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De Blasio Appoints Political Loyalist, Non-Transportation Professional, to Head DOT

Mayor de Blasio.

New DOT Commissioner Hank Gutman
New DOT Commissioner Hank Gutman
New DOT Commissioner Hank Gutman

Mayor de Blasio has appointed lawyer and Brooklyn Navy Yard Chairman Hank Gutman to run the $1.3-billion Department of Transportation.

The mayor's press release — obtained by Streetsblog — does not tout any major transportation bona-fides for Gutman except that he was an "insightful member" of a mayoral panel appointed in 2019 to figure out what to do with the crumbling Brooklyn-Queens Expressway.

The press release also mentions Gutman's leadership of the city's "largest industrial park" and his position on the board of Brooklyn Bridge Park, plus a "deep commitment to New York City."

De Blasio claimed that Gutman, whom he installed as Navy Yard chairman, has a commitment "to the Department’s mission and a clear vision for the vital role DOT and its programs play in our city during recovery and in the long-term."

Gutman is a lawyer. At Simpson Thacher & Bartlett, he headed the Intellectual Property Practice Group. He is also a loyal political donor, having given more than $71,000 to Democratic candidates since 2012. Those contributions have funded such candidates as Council Member Brad Lander, Letitia James, Mark Green and a young upstart named Bill de Blasio, whose campaigns have received $18,375 over the years.

At his press conference on Wednesday, de Blasio was asked why he appointed a non-transportation official to head the agency.

"Because I know Hank will get done what I need to get done," he said. "When you work with someone for most of 20 years, and you see the way they make things happen, that to me has always been the most compelling reality, not theory, but practice. I have seen Hank get results [in] thorny situations and community dynamics and find common ground and move an agenda forward with a sharp equity lens. ... Twenty-twenty-one is going to be about urgency at DOT."

He added that the recovery from COVID is "about doing things differently ... in a transformational time."

"Everything is undergirded by how we get around," de Blasio added, touting many of the "moving away from cars" initiatives in his State of the City address. "But we have to do this urgently and rapidly."

The mayor praised the Harvard-educated lawyer for his work creating Brooklyn Bridge Park.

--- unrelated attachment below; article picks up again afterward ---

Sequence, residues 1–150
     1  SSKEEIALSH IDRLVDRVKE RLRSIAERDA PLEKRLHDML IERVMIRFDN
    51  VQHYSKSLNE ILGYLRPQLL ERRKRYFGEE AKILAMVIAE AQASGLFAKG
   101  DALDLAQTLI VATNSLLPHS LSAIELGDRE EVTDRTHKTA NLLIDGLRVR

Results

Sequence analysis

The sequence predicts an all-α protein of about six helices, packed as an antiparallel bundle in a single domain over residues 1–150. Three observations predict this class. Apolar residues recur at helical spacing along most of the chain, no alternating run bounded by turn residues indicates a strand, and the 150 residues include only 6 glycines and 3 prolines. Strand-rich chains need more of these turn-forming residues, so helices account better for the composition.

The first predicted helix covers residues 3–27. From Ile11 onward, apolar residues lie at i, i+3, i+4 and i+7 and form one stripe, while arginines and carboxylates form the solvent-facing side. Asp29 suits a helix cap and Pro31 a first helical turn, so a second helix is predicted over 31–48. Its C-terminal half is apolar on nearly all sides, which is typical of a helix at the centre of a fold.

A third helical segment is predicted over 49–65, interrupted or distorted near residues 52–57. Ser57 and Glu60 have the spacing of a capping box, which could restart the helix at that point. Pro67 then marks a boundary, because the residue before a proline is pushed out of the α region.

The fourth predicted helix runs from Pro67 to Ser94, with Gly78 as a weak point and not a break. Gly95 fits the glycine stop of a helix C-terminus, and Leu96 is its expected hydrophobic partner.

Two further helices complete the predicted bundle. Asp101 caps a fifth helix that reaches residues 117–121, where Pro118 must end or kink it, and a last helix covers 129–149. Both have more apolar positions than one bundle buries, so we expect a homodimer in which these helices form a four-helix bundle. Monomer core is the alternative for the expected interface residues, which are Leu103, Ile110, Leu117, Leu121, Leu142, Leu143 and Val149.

"And there was another effort within that effort — whether it would be a park for everyone or an elitist enclave," de Blasio said, praising Gutman for ensuring the former. "That's one of the central reasons that led me to want him to take on this role in such an urgent year."

For his part, Gutman opened his first remarks to the public by saying he wants to "leave behind" the legacy of Robert Moses and "expand equitable open space opportunities."

Both previous commissioners — acting commissioner Margaret Forgione and prior Commissioner Polly Trottenberg — were transportation professionals. Forgione will stay on as Gutman's first deputy commissioner and Jee Mee Kim will become Chief Strategy Officer. She previously worked at Sam Schwartz Consulting and has deep experience in planning.

Streetsblog asked de Blasio pointedly if the deeply qualified Forgione was offered the top job and turned it down.

"She's sitting right here and I'll say it was not her desire to take on this particular job of commissioner, but I very much wanted to see her be the first deputy commissioner and she'll be great in that role," he said.

In a follow-up question, Streetsblog asked the mayor if he's worried that women professionals in his administration will feel offended that an outsider, Gutman, got the job over Forgione, an experienced leader.

"The history of this administration when you look across the entire administration, the clear strong majority, when you put together all the senior elements of this administration ... consistently from Day 1, the clear majority has been women," he said. "Very proud of that. ... I think that message has been received over the last seven years loud and clear."

Some advocates initially were pleased by Gutman's appointment:

“Hank Gutman is a strong choice to lead DOT during this critical moment," said Danny Harris, executive director of Transportation Alternatives.

Amy Cohen of Families for Safe Streets added, "Traffic deaths have risen over the past two years. Unsafe streets continue to kill too many New Yorkers. Commissioner Gutman is an experienced leader who can get Vision Zero back on track. This must include restoring funding for the program, along with funding for the Dangerous Vehicle Abatement Program, the Green Wave plan, and the Streets Master Plan. We will look to him to be an ally for our agenda in Albany too, which includes passing the Crash Victims Bill of Rights, Pedestrian Safety Rating, and Sammy’s Law to lower the speed limit in New York City."

Gutman's first initiative will be the installation of 10,000 bike parking racks, he said on Wednesday. He asked the public for input at nyc.gov/cityracks.

Riders Alliance put aside platitudes to focus on the mission at hand: safety and transit.

"Mayor de Blasio must put his new team to work on bus lanes and busways to honor essential workers and fix longtime inequities," said Organizing Manager Stephanie Burgos-Veras. "He should build on Polly Trottenberg's legacy and finish strong with another 30 bus lane miles before leaving City Hall. The Streets Master Plan law requires 30 new bus lane miles each year starting next year. Mayor de Blasio and his transportation officials should put riders first at every turn and design the equitable streets New Yorkers need right now."

This is a breaking story. We will update later.

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